ADRIAN THRILLS: Sleigh bells at Halloween? Only Cher has the sparkle to pull that off!
Verdict: Pop goddess turns back time.
Duff McKagan: Lighthouse
Verdict: Illuminating Return.
The Cranberries: to the Faithful
Verdict: Poignant tribute.
There’s an unwritten rule on this page not to mention Christmas records until December. As with most rules, there’s always an exception and when Cher decides to release a Christmas album in October, it would seem Scrooge-like not to deck the halls with boughs of holly and join the party.
There’s nothing understated about Christmas. The original goddess of pop refuses to dress it up as a ‘holiday album’ that would also take in the November feast of Thanksgiving.
From the opening sleigh bells to a schmaltzy duet with Michael Bublé, the Yuletide spirit rules. Made with the Californian diva’s long-term collaborator Mark Taylor (who co-produced her biggest hit, Believe, in 1998), the album is scattergun in the way it jumps between genres — pop classics, jazz tunes, newly-written dance tracks — but it’s all tied neatly together by Cher’s huskily powerful voice and infectious sense of fun.
Her first album since 2018’s Dancing Queen, an Abba tribute inspired by her role in Mamma Mia! Here We Go Again, Christmas is a mixture of new songs and covers. Of the former, DJ Play A Christmas Song is a disco banger with a touch of Believe-style auto-tune. ‘I should be asleep by the heat of the fire,’ mulls Cher. ‘But I’m on my way out . . . and I’m gonna stay out.’
A first-name-only star long before Madonna, Beyoncé and Adele, she still has plenty of pulling power and parades a stellar array of guests. Stevie Wonder, who has kept a low profile since a 2019 kidney transplant, plays harmonica on What Christmas Means To Me.
Her first album since 2018’s Dancing Queen, Christmas is a mixture of new songs and covers
A first-name-only star long before Madonna, Beyoncé and Adele, Cher still has plenty of pulling power and parades a stellar array of guests.
There’s nothing understated about Christmas. The original goddess of pop refuses to dress it up as a ‘holiday album’ that would also take in Thanksgiving
‘Every time I hear that harmonica, I’m a teenager again,’ says Cher. There are duets with Bublé (on Home) and Cyndi Lauper (on country track Put A Little Holiday In Your Heart).
The most emotional moment pairs Cher with veteran soul star Darlene Love on a fantastic revamp of the latter’s Christmas (Baby, Please Come Home). When Love first recorded the track, for Phil Spector’s fabled A Christmas Gift For You LP in 1963, a then unknown Cher sang backing vocals. Now sharing the lead, the two singers revisit a classic with warmth and gale-force intensity.
Elsewhere, Cher is in her element on Chuck Berry’s Run Rudolph Run (‘all I want for Christmas is a rock and roll electric guitar’), and her version of Charles Brown’s Please Come Home For Christmas sticks to the bluesy doo-wop of the 1960 original. Eartha Kitt’s Santa Baby feels like a novelty too far, but the digital pop of new track Drop Top Sleigh Ride is remarkably credible.
Cher isn’t known for tender introspection, but she finishes on a reflective note.
This Will Be Our Year, a U.S. hit for British band The Zombies in 1968, isn’t a Christmas song. But, singing beautifully, she turns it into one. ‘This will be our year . . . took a long time to come,’ she sings. Christmas 2023 has arrived before the clocks go back, but Cher pulls this off with sparkle and sass.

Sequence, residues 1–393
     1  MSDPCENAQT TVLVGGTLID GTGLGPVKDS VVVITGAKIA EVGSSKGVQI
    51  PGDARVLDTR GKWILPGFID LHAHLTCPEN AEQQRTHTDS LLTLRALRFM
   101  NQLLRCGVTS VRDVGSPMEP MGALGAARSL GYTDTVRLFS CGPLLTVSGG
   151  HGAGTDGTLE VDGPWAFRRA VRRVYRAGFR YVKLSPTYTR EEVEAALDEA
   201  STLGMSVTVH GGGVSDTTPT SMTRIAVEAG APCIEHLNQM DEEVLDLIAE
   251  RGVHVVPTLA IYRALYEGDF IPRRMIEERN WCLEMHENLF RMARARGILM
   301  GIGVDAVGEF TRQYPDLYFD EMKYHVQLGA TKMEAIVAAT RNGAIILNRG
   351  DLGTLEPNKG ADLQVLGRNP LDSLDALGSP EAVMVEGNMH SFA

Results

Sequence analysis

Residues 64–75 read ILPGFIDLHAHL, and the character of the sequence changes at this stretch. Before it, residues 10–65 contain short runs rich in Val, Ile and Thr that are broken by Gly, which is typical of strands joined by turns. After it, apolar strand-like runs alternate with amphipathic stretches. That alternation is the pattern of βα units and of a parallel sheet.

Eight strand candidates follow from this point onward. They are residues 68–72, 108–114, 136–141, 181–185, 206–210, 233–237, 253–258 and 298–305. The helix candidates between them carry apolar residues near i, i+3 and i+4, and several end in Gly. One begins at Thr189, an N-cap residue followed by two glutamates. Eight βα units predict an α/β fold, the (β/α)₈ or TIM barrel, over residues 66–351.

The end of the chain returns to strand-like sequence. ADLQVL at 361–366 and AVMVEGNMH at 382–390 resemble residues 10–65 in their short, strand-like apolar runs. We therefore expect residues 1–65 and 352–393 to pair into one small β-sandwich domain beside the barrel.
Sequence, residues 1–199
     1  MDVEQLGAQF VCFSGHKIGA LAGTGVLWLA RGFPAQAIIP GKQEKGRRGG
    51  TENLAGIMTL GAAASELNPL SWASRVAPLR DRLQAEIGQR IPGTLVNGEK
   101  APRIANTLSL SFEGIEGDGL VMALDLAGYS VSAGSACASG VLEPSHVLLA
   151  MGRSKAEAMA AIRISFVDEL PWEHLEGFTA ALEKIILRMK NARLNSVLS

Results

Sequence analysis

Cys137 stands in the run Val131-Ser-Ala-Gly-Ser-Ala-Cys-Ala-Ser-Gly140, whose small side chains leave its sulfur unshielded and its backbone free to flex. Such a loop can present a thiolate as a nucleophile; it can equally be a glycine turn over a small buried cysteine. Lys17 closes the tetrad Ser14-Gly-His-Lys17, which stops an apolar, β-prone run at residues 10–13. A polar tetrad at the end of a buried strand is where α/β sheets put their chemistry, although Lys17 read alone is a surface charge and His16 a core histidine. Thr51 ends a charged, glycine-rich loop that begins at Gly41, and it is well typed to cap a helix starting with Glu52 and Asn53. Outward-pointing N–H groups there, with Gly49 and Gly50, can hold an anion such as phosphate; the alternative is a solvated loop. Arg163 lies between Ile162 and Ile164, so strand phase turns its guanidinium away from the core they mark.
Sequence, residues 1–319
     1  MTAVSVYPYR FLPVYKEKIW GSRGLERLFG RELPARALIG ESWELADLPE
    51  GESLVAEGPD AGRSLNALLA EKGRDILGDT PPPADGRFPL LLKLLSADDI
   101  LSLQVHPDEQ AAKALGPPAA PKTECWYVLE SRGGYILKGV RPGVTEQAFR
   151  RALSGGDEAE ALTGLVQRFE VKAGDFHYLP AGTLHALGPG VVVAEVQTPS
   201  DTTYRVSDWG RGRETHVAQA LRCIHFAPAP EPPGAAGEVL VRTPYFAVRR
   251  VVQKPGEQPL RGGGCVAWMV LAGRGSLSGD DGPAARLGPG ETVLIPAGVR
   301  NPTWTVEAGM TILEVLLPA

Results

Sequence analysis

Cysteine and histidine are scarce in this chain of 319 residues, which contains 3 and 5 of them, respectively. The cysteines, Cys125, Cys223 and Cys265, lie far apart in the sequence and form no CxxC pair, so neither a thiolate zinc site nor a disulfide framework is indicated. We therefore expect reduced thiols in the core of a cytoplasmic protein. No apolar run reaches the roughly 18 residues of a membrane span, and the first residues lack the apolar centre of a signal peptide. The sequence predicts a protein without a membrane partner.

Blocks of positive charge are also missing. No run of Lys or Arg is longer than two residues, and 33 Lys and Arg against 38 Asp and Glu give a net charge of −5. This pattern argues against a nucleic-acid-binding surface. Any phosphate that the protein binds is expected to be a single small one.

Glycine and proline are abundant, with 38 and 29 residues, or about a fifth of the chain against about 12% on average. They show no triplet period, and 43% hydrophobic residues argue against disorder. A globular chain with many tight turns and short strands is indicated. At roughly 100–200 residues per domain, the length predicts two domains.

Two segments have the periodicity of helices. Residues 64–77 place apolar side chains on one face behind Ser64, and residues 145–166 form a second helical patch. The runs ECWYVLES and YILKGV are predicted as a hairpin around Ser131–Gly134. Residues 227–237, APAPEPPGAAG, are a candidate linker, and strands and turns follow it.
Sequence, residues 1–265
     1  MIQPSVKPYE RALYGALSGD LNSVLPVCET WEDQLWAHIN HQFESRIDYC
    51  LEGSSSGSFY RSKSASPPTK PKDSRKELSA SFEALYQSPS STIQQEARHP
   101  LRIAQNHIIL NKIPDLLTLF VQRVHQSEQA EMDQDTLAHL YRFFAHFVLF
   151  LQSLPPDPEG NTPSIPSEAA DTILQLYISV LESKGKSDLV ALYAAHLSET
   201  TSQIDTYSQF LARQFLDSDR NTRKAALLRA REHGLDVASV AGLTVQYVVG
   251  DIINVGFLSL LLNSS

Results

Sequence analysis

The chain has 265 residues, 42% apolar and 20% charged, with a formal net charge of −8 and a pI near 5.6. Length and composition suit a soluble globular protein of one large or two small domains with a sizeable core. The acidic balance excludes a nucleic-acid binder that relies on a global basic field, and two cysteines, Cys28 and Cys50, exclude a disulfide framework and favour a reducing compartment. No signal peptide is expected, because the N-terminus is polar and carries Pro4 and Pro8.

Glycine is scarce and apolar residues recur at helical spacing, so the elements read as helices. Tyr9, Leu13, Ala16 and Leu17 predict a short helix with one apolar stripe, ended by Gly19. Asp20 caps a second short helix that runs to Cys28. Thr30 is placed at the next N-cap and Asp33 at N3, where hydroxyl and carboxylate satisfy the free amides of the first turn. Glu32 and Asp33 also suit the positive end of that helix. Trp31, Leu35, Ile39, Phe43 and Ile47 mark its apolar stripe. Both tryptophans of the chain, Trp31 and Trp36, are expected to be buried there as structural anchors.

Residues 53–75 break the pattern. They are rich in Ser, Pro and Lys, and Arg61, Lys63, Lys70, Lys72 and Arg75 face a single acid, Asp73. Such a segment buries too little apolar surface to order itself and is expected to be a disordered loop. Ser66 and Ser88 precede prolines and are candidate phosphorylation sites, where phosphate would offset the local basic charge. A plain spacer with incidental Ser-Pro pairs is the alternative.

As a founder member of hard-rock group Guns N’ Roses, bassist Duff McKagan was central to both the band’s bad-boy attitude and the way they freshened up the genre with Sweet Child O’ Mine and Welcome To The Jungle.
He’s also a versatile songwriter — one admired by Bob Dylan — and Lighthouse, his first solo LP in four years, springs surprises.
The title track, a song about finding a port in the storm, sacrifices crunching riffs for acoustic strumming and an arrangement reminiscent of Hunky Dory-era Bowie. Even more unexpected are the religious metaphors sprinkled over I Saw God On 10th St. and Holy Water. ‘Mother Mary, won’t you come to me,’ sings McKagan, in an echo of Paul McCartney’s lyrics to Let It Be.
Duff McKagan is a versatile songwriter — one admired by Bob Dylan — and Lighthouse, his first solo LP in four years, springs surprises
Duff McKagan, seen here alongside Axl Rose, was a founding member of the superstar hard rock band Guns N’ Roses
The Cranberries new album is also a tribute to Dolores O’Riordan, who died in London in 2018
The Seattle musician hasn’t given up on the mosh pit entirely, and his Guns N’ Roses bandmate Slash supplies a thunderous riff on Hope.
There are also entertaining cameos from Iggy Pop and Alice In Chains guitarist Jerry Cantrell. The latter helps out on pensive ballad I Just Don’t Know, helping to cast dyed-in-the-wool rocker McKagan in a fresh light.
The Cranberries were at a crossroads in 1996. Despite sounding nothing like the era’s rampant Britpop bands, the Limerick quartet were huge on both sides of the Atlantic, and their third album, To The Faithful Departed, tried to build on the success by blending their familiar indie-pop with mainstream rock.
Now repackaged, the album veers between sensitivity and bluster. It’s also now a tribute to singer Dolores O’Riordan, who died in London in 2018.
Her haunting vocals lift an uneven set of songs and she shines on the bonus tracks: a live version of anti-war song Zombie and an exhilarating take on Fleetwood Mac’s Go Your Own Way.
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